Sometimes you don’t know a scene needs shaking up until you see — and in this case, taste — a brand-new approach. The culinary scene has a new format for consuming content and food with the creation of Last Supper Society, which cofounders Ryan Royster and Byron Hughes describe as “a culinary collective that designs food experiences,” as well as “a first-of-its-kind interactive TV show.”
Royster and Hughes began planning their experiential dining venture in early 2020 as a way of expressing their creative and cultural points of view through food storytelling. Royster, a marketing strategist and producer, and Hughes, a chef with 11 years of experience in kitchens such as Chez Panisse in Berkeley and Canon in Sacramento, built their business by combining their brand strategy acumen, creative skills and community-building experience. Last Supper Society is a virtual cooking instructor, an interview series and an expression of the Black lived experience, and more than the sum of its parts.
In-person events were the duo’s initial goal. The partners believed in the power of food to foster meaningful connections. This, of course, was swiftly derailed when pandemic restrictions hit in early March. But with a pivot toward an episodic YouTube series called The Cook In, they were able to maintain their momentum. Their Instagram audience of 3,200 followers ate it up.
The Cook In is an interactive show on YouTube Live, where hosts Hughes and Royster guide viewers through a recipe and have conversations with virtual guests. Viewers purchase and pick up a “supper kit” beforehand which, at $60, serves two and contains all the ingredients for dishes like fig leaf-wrapped halibut and Ghanian-style cioppino. (Pickup is at various food and drink providers they partner with. For example, their next pickup location in Sacramento will be at Good Bottle, which is also providing the wine pairings for that particular meal).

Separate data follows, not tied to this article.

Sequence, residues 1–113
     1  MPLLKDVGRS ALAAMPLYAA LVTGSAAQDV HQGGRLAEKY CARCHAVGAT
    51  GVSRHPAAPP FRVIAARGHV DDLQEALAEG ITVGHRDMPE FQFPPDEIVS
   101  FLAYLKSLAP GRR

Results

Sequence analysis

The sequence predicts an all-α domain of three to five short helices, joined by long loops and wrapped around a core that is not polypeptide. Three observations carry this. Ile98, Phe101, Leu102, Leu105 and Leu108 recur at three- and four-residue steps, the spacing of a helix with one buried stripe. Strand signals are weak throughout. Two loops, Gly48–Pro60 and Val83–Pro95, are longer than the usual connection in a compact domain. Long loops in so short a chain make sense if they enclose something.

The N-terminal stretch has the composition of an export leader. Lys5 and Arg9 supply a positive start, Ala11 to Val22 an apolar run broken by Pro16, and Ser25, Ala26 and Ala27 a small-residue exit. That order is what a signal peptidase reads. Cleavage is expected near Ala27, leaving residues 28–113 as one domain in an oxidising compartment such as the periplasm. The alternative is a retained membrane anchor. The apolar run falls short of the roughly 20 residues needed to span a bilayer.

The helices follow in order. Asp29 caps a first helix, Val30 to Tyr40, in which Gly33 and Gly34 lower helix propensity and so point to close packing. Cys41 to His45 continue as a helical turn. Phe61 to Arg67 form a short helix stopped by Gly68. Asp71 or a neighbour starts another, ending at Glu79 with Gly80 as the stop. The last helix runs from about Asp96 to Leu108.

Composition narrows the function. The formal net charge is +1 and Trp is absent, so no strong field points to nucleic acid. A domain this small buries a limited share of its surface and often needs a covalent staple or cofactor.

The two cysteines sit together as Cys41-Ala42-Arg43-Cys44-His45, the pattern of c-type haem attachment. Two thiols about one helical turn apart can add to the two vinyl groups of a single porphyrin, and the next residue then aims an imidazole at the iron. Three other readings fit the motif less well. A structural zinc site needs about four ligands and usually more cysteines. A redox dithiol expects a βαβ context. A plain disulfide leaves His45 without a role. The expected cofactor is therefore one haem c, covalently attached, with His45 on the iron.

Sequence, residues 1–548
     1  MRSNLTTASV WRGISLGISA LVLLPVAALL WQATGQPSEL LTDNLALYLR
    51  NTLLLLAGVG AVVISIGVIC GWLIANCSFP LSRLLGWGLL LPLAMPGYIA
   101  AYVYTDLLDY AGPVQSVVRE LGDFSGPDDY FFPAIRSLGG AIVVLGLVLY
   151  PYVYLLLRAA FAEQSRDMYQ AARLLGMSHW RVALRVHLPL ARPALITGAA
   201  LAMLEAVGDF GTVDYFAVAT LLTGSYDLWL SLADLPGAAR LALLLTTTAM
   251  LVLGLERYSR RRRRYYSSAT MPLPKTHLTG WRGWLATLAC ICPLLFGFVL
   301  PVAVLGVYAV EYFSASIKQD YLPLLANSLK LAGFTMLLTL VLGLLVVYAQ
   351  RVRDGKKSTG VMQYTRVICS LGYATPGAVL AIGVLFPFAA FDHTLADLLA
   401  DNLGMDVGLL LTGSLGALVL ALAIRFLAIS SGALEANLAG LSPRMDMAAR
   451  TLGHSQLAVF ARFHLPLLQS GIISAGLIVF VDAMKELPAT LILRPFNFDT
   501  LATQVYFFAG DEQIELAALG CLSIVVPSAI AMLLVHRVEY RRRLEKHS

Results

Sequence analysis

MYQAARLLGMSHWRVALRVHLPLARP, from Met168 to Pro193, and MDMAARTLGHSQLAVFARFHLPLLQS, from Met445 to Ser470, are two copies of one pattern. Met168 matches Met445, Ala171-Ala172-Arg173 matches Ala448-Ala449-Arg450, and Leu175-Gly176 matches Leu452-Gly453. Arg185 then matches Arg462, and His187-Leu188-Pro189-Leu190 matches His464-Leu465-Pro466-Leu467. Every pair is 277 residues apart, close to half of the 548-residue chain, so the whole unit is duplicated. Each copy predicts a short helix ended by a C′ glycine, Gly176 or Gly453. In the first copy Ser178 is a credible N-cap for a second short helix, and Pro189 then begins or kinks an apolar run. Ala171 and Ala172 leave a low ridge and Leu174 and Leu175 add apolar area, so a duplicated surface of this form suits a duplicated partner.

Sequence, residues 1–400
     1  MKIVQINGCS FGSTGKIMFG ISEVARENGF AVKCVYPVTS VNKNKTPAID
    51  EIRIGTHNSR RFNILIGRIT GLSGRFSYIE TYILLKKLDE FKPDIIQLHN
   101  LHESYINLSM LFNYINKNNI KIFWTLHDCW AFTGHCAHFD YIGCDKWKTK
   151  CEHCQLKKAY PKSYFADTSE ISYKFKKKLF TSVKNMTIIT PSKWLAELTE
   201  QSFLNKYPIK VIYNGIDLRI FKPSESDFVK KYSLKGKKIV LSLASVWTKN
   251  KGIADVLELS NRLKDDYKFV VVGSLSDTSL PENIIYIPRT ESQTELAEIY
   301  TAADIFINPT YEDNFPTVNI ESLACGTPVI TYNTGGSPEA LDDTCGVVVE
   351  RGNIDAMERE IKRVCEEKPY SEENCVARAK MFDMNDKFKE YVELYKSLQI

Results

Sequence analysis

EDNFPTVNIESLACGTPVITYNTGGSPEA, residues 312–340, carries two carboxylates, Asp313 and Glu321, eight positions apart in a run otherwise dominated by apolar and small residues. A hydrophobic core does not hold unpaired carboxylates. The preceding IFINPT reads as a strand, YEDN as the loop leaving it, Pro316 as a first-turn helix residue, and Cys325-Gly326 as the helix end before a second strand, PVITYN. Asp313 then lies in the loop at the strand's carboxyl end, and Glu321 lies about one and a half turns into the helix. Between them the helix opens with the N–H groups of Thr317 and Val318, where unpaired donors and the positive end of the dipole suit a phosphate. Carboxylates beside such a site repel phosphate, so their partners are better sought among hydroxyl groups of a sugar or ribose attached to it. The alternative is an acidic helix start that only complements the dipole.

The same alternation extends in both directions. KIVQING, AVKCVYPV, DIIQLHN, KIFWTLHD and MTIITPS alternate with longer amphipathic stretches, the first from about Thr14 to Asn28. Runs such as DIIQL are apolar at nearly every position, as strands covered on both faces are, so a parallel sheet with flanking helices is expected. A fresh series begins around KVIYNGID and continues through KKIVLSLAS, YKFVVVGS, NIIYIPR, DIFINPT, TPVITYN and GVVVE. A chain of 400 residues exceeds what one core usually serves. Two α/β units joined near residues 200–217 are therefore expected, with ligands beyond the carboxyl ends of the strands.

“It’s a hybrid cooking show,” Royster says. “It’s a cooking class and a talk show.” Viewers can use the chat feature via YouTube Live to ask questions along the way or engage with the guests in real time. “The chat feature is literally hilarious every episode,” Royster says.
The force behind the brand is a confidence that’s as inviting as it is cool. When creating a mood board in the business’s early stages, the pair imagined flamboyant rapper Young Thug as part of the inspiration behind their brand. The pair recognized themselves in the musician’s ability to be unapologetically himself in traditionally “high society” spaces like Paris Fashion Week. “He felt at home where he didn’t belong,” Royster says. Leading with that authenticity and rebellious spirit, they say, is at the core of their business.
What “dining different” means to us: Royster: We reimagine how people break bread together. We curate radical food experiences and encourage people to dine different. There’s no exact formula for that, but just challenging people that there’s different ways to do things, whether it’s virtually or the way that we’re feeding the homeless in a way that’s more focused on the experience rather than simply sustenance.
Hughes: I’ve been a chef for 11 years now and this idea of dining differently is something that I’ve always been interested in exploring. And being a Black male in this industry, I constantly find myself thinking, there’s got to be a different way to do this. I think with Last Supper Society, I finally found a vehicle to explore that topic. I think we’re well on our way to challenging everybody’s idea of what dining could be.
From friend to patron to partner: Royster: We’re both from Sacramento, so we’ve been in similar circles for years. Byron had always been doing really cool stuff that I was interested in as a patron, like wanting to be part of his pop-up experiences and things like that. I reached out to him, wanting to expand what I was doing creatively. I know that he was kind of in a place where he wasn’t feeling as creatively fulfilled in what he was doing as well.
We sat down over a drink and we just kind of brainstormed ideas. And we came up with this idea of a culinary collective that is reimagining dining through experiential, hyper-immersive events. This is all pre-COVID. So we had already built the entire business when COVID hit, but we had built up so much momentum that we just weren’t going to stop.
A shared creative spirit, with complementary skills and a drive for ownership: Royster: I think we’re both creatives in our own right, but I would consider Byron the more creative force of the group. I come from a marketing and business development background, I’m pretty much focused on growing the business and structurally making the business sound so that we can grow in all these different, creative ways.
Hughes: One analogy that I’ve used recently is that Ryan is building the foundation of the house and maybe he’s putting the walls up, and I come in and I embellish the wall. So, you know, I put dope paintings and put plants in the room. That’s my role.